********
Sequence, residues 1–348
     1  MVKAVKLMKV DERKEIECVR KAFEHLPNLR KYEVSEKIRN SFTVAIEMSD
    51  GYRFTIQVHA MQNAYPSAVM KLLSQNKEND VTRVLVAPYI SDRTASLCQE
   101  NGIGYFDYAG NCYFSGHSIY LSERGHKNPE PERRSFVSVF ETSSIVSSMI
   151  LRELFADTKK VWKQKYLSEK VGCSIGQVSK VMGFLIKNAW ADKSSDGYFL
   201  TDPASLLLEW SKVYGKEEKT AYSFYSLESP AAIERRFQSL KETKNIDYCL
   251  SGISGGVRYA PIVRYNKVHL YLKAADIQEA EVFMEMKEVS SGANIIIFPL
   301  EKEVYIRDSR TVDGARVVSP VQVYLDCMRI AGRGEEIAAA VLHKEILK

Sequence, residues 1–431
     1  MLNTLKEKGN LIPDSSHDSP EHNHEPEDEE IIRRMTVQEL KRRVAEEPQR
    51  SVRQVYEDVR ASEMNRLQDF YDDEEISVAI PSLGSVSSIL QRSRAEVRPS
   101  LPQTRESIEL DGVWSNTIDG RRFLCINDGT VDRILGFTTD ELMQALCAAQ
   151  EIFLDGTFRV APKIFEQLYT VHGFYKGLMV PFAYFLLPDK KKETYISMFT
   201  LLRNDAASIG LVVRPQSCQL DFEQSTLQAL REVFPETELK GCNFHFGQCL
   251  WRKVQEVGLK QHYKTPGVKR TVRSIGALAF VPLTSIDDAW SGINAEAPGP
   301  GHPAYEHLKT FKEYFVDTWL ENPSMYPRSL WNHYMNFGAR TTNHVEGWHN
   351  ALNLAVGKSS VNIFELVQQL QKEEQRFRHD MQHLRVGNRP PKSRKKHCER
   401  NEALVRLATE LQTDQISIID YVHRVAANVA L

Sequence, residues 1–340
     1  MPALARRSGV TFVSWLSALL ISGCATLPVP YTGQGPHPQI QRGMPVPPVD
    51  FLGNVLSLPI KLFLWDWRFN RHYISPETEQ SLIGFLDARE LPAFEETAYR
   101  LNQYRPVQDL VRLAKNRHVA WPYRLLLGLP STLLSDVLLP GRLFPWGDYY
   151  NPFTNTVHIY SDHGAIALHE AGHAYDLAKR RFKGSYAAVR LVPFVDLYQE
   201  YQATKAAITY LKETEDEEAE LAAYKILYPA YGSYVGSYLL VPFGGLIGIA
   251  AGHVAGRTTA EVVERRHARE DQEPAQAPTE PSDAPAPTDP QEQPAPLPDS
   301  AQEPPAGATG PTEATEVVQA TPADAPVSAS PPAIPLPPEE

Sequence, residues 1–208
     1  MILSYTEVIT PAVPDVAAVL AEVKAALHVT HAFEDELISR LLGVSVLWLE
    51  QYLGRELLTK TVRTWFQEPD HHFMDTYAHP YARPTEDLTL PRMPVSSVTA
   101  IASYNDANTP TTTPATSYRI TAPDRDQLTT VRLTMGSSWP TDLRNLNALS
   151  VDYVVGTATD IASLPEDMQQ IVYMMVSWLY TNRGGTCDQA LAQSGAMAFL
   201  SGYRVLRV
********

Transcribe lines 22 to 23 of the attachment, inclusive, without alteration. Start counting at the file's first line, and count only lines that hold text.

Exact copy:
   101  LNQYRPVQDL VRLAKNRHVA WPYRLLLGLP STLLSDVLLP GRLFPWGDYY
   151  NPFTNTVHIY SDHGAIALHE AGHAYDLAKR RFKGSYAAVR LVPFVDLYQE